Arduino is an open source prototyping platform for electronics. There is so much you can do with Arduino and the community is proof. In playing with Arduino I decided that it would be a great project to create a small multitasking library for use on AVR platforms, which includes Arduino.

A small introduction

avr-os is a library that provides a very basic rutime that enables your program to multitask.

The library uses pre-emptive multitasking to switch tasks and each task has its own stack that is restored when a task is resumed. An AVR timer is used to provide ticks and this interrupt is used to switch tasks.

Hello World, avr-os style

The following sketch is a basic example of how multitasking can be used in your Arduino sketches. This sketch has two tasks that continously print the task name and some information to the LCD.

It demonstrates how a task is started, how os_sleep can be used to sleep tasks, and the ability to use spinlocks.

#include <Arduino.h>
#include <LiquidCrystal.h>

#include <util/delay.h>

extern "C" {
    #include <os.h>

LiquidCrystal lcd(12, 11, 5, 4, 3, 2);

spinlock_t testLock;

void kernel_task(void *arg) {
    while(1) {
        lcd.setCursor(0, 0);
        lcd.print("kernel: " + String((long)os_get_uptime()));

void user_task(void *arg) {
    int x = 0;
    while(1) {
        lcd.setCursor(0, 1);
        lcd.print("user_task: " + String(x++));

void setup() {
    lcd.begin(16, 2);
    lcd.print("Starting up...");

void loop() {

    os_schedule_task(kernel_task, NULL, 0);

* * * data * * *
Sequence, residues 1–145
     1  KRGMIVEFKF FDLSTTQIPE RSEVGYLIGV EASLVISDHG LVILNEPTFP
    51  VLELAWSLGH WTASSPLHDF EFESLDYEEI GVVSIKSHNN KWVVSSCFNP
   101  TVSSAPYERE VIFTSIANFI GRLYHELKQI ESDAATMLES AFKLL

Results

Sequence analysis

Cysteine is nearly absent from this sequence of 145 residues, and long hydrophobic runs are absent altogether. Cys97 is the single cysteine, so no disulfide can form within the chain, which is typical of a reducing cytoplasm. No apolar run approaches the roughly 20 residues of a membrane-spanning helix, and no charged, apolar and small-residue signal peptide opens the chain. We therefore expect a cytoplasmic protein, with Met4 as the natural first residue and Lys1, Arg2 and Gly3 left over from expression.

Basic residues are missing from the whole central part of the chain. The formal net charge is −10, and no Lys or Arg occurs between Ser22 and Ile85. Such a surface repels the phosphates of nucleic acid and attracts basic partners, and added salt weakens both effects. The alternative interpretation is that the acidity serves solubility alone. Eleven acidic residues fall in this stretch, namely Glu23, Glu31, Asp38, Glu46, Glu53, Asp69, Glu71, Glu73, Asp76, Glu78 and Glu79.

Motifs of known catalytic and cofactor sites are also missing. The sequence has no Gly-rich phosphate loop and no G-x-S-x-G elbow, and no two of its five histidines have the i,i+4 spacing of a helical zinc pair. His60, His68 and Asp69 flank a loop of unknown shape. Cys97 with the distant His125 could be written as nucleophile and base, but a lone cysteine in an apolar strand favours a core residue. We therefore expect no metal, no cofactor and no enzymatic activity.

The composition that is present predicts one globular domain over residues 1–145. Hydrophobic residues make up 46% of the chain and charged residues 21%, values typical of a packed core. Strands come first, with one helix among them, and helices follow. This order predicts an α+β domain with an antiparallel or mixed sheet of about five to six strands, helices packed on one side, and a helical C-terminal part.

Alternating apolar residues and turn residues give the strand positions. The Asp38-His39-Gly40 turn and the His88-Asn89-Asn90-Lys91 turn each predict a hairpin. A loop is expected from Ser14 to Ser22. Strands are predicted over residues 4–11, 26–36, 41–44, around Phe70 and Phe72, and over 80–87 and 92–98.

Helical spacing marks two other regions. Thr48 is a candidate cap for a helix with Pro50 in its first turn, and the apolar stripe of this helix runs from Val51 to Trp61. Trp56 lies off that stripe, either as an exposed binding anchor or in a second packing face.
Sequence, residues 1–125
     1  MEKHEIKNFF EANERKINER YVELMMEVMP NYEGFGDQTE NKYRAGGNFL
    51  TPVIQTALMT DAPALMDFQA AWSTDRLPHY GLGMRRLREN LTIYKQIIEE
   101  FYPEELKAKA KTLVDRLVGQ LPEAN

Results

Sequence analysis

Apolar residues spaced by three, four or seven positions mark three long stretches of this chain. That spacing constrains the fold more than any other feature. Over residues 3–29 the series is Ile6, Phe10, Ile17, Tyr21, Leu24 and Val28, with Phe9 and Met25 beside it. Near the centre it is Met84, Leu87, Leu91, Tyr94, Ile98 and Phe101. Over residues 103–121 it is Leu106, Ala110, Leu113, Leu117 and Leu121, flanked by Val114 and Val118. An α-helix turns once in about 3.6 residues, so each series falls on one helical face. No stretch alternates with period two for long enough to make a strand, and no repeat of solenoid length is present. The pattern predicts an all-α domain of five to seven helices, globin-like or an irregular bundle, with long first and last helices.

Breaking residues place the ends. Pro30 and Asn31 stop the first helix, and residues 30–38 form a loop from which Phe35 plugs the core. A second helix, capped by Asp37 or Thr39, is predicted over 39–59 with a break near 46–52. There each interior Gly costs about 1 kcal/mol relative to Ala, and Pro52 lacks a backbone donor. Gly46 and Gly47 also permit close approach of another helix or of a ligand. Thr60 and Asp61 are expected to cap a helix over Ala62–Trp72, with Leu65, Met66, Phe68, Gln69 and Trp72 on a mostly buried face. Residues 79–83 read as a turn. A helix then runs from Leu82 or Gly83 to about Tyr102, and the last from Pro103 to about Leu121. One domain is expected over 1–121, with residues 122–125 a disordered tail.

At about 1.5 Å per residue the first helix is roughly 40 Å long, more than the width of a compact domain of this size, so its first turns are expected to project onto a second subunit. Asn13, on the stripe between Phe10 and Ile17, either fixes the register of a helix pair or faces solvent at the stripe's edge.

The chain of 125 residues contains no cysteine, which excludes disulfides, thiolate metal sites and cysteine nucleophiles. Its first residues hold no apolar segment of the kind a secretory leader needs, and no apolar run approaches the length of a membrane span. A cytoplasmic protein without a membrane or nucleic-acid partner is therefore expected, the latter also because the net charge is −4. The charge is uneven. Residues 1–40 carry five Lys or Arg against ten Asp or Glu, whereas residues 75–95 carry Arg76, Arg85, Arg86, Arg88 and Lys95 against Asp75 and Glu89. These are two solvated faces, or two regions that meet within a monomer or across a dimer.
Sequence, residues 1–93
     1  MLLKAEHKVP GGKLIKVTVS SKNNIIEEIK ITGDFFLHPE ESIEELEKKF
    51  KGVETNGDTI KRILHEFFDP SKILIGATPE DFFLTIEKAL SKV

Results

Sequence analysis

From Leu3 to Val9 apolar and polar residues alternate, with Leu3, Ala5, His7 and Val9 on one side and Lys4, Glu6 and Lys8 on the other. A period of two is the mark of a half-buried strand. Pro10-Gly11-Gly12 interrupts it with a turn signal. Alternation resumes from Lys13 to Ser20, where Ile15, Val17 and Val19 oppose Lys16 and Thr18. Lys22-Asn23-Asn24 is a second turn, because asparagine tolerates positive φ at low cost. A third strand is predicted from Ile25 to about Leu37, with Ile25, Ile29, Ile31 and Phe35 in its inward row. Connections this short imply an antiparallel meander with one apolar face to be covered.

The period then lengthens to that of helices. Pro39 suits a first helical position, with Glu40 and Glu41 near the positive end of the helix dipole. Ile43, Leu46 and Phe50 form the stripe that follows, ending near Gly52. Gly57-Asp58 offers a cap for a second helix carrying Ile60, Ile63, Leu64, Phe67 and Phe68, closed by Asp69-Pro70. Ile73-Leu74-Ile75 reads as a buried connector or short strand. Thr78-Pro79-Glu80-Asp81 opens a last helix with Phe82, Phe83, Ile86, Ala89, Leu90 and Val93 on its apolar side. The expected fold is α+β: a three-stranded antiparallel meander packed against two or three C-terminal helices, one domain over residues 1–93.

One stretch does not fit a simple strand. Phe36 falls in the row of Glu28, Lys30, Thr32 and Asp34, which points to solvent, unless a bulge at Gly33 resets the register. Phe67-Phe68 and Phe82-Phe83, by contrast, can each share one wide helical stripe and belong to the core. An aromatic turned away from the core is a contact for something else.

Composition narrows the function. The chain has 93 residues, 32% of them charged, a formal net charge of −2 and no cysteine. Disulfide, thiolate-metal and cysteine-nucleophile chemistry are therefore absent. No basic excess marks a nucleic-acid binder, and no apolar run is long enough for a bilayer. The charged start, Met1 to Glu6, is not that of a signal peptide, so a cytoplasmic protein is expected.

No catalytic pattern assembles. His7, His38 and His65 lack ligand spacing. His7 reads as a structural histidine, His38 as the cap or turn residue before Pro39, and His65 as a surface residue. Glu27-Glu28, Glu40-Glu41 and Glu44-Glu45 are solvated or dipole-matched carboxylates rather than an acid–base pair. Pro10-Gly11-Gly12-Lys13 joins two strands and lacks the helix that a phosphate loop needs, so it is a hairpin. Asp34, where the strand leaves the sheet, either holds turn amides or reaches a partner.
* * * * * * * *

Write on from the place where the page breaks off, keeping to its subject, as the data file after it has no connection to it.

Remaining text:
os_schedule_task(user_task, NULL, 0);

The image below shows the sketch in action:

Using the OS

The following is the header for avr-os that demonstrates the features available:

#include <stdint.h>

typedef void(*os_task_function)(void *arg);

 * Initializes the OS
 * This should be the first call in the
 * application's main method.
void os_init();

 * Starts the OS loop.
 * This will execute tasks.
 * Make sure to create at least one task before 
 * starting the loop.
void os_loop();

int os_schedule_task(os_task_function function, void *arg, uint16_t start_delay_secs);

void os_exit_task();

void os_sleep(uint16_t millis);

 * Returns the amount of seconds since the OS has started.
uint64_t os_get_uptime();

 * Returns the amount of milliseconds since the OS has started.
 * This will overflow after about 
uint64_t os_get_uptime_millis();

typedef volatile int spinlock_t;

void spinlock_init(spinlock_t *lock);
void spinlock_acquire(spinlock_t *lock);
void spinlock_release(spinlock_t *lock);

Try it out

The code is available here and contributions are definitely welcome.